April 11, 2019

350NYC Releases Climate Emergency Media Standards


As part of our ongoing Climate Project Campaign, we’ve been working with the fine folks at 350NYC, our local branch of 350.org. Recently, they’ve launched an absolutely crucial campaign to hold media and news outlets accountable for their coverage of the ongoing climate crisis. As documents like The Climate Report and general scientific consensus have made evident, we are running out of time to decarbonize the economy and begin a just transition to a sustainable society. But this urgency is dangerously undercut by the mainstream media’s utter failure to accurately communicate the causes, and stakes of climate change.

In order to counteract the complacency of most mainstream media in the face of the current crisis, 350NYC formed their Media Task Force, and developed the following set of Emergency Climate Media Standards:


1. Adopt a Public Service Ethos: Join the fight to solve the Climate Crisis.

2. Report the Carbon Pollution & Climate Emergency: Cover the Carbon Clock weekly.

3. Make the Climate Crisis an Editorial Priority: Connect stories, solutions, politics.

4. Link Extreme Weather to Carbon Count to Global Warming to Solutions.

5. Cover the Health Impacts of the Climate Crisis: Costs in lives, productivity, healthcare.

6. Stop False Equivalency & Ensure Commentator Transparency.

7. Divest.  Go Zero-Emissions.  Ban Fossil Fuel Company Ads.

8. Say it Bigger!  Climate Crisis! Red Alert!  Earth in Danger!

9. Explain:  Clean energy, economic impacts, legislative solutions, the politics, the movement, the opposition.

10. Cover this like your child’s life depends on it.


We spoke with Todd Fernandez, who sits on the Steering Committee of 350NYC about the campaign, how it came about, and why it’s so necessary.


MHP: How did 350NYC decide to pursue this campaign, and how did you develop these standards?

Todd Fernandez: Everyone knows the media is not covering the climate crisis as needed, so we formed a Media Task Force, held open meetings, brainstormed, landed on these points, shared them over our listservs for input, and then finalized this list.

How do these standards and the campaign surrounding them fit into 350NYC and 350.orgs broader strategy?

TF: The standards sound the alarm on the emergency and carbon clock countdown, core to our name “350” ppm – the limit of human carbon pollution we need to be at for a save environment, although we’re over 413 ppm now and rising rapidly.  The standards also call for divestment and rejecting oil advertisers, a key strategy across sectors, to eliminate the conflict of interest when media corporations take oil company money, and allow oil companies to mislead the public and greenwash their business with a picture of a windmill on MSNBC info-ads, while they spend billions on new fossil fuels.  Last, the standards get personal, talking about their own children, reflecting the student uprising voices calling out the failure of adult leadership.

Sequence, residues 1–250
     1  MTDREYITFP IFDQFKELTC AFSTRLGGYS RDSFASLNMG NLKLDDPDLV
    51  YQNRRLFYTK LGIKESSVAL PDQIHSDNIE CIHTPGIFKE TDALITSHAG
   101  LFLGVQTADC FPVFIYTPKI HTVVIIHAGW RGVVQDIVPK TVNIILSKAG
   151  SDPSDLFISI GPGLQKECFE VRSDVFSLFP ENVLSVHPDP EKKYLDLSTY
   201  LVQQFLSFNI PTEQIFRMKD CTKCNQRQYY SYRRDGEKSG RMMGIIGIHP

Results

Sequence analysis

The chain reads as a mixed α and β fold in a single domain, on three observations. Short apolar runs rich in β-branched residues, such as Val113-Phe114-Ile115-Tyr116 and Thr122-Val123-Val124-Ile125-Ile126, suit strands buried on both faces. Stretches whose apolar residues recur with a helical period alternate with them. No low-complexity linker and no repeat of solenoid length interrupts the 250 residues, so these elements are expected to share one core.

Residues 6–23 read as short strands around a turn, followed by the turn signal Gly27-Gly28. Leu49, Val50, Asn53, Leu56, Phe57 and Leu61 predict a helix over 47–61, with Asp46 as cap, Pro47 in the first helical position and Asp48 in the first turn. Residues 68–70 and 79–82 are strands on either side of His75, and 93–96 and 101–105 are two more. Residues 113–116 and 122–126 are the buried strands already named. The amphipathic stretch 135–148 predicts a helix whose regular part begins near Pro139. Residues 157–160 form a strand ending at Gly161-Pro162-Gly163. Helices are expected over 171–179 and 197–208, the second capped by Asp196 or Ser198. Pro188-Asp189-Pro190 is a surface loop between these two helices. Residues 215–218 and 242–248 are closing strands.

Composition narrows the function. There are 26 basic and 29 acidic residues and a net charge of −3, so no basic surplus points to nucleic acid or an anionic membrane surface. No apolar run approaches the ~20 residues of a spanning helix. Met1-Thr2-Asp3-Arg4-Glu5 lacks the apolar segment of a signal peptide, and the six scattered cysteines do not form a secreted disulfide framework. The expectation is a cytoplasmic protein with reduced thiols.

How can folks reading this apply pressure to their local media outlets?

TF: Write the Editorial Boards and owners. A letter to the editor to the Guardian got that outlet to now include the Carbon Clock in their weather reporting, as they report here.

Folks can also tweet the Media Standards to outlets and local weather reporters.  Here’s a sample Tweet:


Last, climate groups should ALL include the Carbon Clock on their websites, like we have at 350NYC.org.   Here’s one that can be embedded:

Why do you think that mainstream media outlets have been so reluctant to give climate change the kind of attention it deserves over the years?

TF: You have to ask them. It’s a travesty. It’s probably corporations avoiding controversy, and the elite oligarchs sticking together. On the ground, there’s also a “fear factor” and intimidation, like there is in Congress, with powerful oil interests behind the scenes. They made “global warming” and “climate change” so controversial a term—and managed to make it sound like the science is debatable, when it wasn’t—that outlets and journalists were afraid to utter them, or so one meteorologist told us.

We’ve covered the ongoing consolidation of local media outlets into the hands of a few, massive conglomerates such as Sinclair Media, Tribune Publishing, and others. How do you see this consolidation impacting the public discussion of climate change?

TF: This is beyond my scope of expertise. But I suspect corporations—and massive corporations—inherently suppress individual freedom of thought, speech, and independent journalism. People in corporate jobs don’t rock the boat, if they want to succeed and rise up—so there’s an inherent deterrent.

Are there any companies doing it right that could serve as a model?

TF: The Guardian is a leader on this topic, and all should follow suit. The New York Times has a focus. Chris Hayes at MSNBC is venturing in too. But we need them to do more than report, we need them to become experts and really dig in on the solutions, lead the rallying cry against the carbon pollution, and help drive society to transform to clean energy, and other solutions. Time is running out. And it needs to be like it was with WWII—all in, to win and save life on Earth.

Are there specific climate-related stories that you’d like to have seen covered differently?

Monica Weiss: A few weeks ago CBS evening news with Jeff Glor did a report about the bleaching of coral reefs with no mention of climate change as the cause. Perhaps they mentioned warming ocean temperatures, but there was no discussion of elevated CO2 levels or acidification, etc.


Simon Reichley is the Director of Operations and Rights Manager at Melville House.